Before Darren Woodson made his way to the NFL, he had a hard fought way to success before eventually becoming a three-time Super Bowl champion, a five-time Pro Bowl player and All-Pro for the Dallas Cowboys. There is one man Woodson credits for changing his life around throughout the entire process.
"Lovie Smith is a man who absolutely changed my life." Woodson said on a conference call last week.
Growing up in Phoenix, Arizona, Woodson attended Maryvale High School and after graduating decided he would stay in his home state and attend Arizona State University, attempting to make the football team as a walk-on in 1987. Despite having the build and play of a defensive back, Woodson played outside linebacker for the Sun Devils, and earned three straight All-Conference honors while under the coaching of Lovie Smith. Smith coached the linebacker position group from 1988-91.
During one particular week at Arizona State, a teammate of Woodson was late to a class, which forced Woodson and his teammates to suffer punishment: the entire team was forced to wake up before sunrise at 4:30 the next morning and run stadiums (which is simply running north and south on the steps of a stadium).
A few days went by and the same student-athlete failed to show up for class on time again. Woodson and his teammates woke up and went to work at 4:30 a.m.
As most typical college athletes would be, Woodson and 12 teammates were fed up, so they broke out in one of the biggest fights during his time as a Sun Devil and scuffled with the player to get him to understand what he had been doing after the second strike.
The player was never late to class again that season.
"That's what he always told us - and that's the same thing he preaches now - accountability." Woodson said of Smith. "Making sure you're as one ... one guy makes a mistake, everybody pays for it. He's a coach that holds all the players accountable, but he's about discipline also, and making sure guys are on the same page. "
Before making his way to the NFL, college freshman Woodson was ruled academically ineligible in 1987 due to a combination of not meeting standardized test score requirements and poor high school grades (also referred to as Proposition 48). The next season, he played sparingly in three games, but made the team as a walk-on and earned a scholarship.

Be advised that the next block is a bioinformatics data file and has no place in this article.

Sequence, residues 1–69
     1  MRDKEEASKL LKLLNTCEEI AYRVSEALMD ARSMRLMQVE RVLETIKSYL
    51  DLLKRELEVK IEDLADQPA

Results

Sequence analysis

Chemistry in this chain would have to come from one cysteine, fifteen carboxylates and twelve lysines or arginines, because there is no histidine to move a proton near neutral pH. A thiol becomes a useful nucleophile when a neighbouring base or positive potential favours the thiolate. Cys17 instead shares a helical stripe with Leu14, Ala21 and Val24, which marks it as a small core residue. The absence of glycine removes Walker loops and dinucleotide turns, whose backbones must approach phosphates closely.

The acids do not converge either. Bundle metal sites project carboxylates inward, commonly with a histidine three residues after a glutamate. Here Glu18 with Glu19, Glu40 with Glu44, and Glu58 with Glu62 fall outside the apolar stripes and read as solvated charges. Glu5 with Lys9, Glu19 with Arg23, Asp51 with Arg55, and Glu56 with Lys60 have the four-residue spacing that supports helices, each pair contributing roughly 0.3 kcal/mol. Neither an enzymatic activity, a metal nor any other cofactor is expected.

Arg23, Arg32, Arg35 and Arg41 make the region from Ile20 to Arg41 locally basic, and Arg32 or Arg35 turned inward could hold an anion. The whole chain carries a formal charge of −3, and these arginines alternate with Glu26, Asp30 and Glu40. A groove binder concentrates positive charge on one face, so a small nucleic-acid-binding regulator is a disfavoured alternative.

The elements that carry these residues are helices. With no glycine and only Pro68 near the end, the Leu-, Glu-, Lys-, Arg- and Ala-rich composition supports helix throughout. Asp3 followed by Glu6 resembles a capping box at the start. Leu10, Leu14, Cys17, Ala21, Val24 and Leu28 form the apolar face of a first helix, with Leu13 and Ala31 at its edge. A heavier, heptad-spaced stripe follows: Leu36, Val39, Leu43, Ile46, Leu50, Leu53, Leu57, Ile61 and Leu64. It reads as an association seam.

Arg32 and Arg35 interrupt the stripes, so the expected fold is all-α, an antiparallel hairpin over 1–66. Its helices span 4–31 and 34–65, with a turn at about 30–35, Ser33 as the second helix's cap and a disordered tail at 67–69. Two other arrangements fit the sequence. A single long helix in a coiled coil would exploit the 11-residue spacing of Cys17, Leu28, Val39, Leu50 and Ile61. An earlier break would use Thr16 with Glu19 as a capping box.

"Lovie Smith absolutely changed my mindset, changed who I was as a person, and got me to focus for the first time on my grades and my academics." Woodson said. "In my first year, everything changed as far as what was important to me, and what meant the most to me."
"He will always be a guy who I hold deep and near to my heart because he changed my life in a lot of different aspects."
In 1992, Woodson realized his life-long dream of playing in the NFL. In the second round of that year's draft, the Dallas Cowboys made him their fourth pick after previously selecting cornerback Kevin Smith, linebacker Robert Jones and wide receiver Jimmy Smith.
After Woodson had played outside linebacker for the majority of his college career, he made the switch to safety at the next level in Dallas and again credits Smith for helping make that transition a smooth one.
"He taught me one thing and it really carried on to my football career: he made me a much more versatile football player. He had me covering running backs, wide receivers, blitzing, he did a little bit of everything with me in the game plan. It really helped me transfer and make that jump to the NFL."
Woodson eventually outlasted all of his fellow 1992 draft picks on the Cowboys' roster, and was the lone player who transferred from the Jimmy Johnson era to the Bill Parcells era.
He credits a lot of that to the discipline and coaching he received from Lovie Smith, who was hired this year as Tampa Bay's head coach. And in Tampa, Woodson believes Smith's grit and toughness will help the Buccaneers improve as a team and franchise in 2014.
"I know they lost their first game, but I still think the Tampa Bay Buccaneers ... I don't know how far they go this year, but I think they're on the right path as far as building that organization back up from where they were."
Before he began his NFL career, one of the first Cowboys players he met was legendary Cowboys quarterback Roger Staubach. At a picnic, Staubach approached Woodson and gave him a compliment by saying that one day Woodson would join the ranks of some of the greatest players to play in Dallas by joining the team's Ring of Honor.
Woodson had no idea what the Ring of Honor was.
On the first day Woodson walked into Texas Stadium, he looked up and admired the Ring of Honor first hand. Then, he finally realized it all.
After 12 seasons in the NFL, it would only be the icing on the cake for the franchises' all-time leader in tackles (1,350) to one day join that elite Ring of Honor group. It's something he still thinks about to this day.
"I think about it all the time." Woodson said.
"You talk about your proudest moments ... as far as sports are concerned, that would be my proudest moment."
If Jerry Jones decided to proceed and eventually do so, it would be well deserved.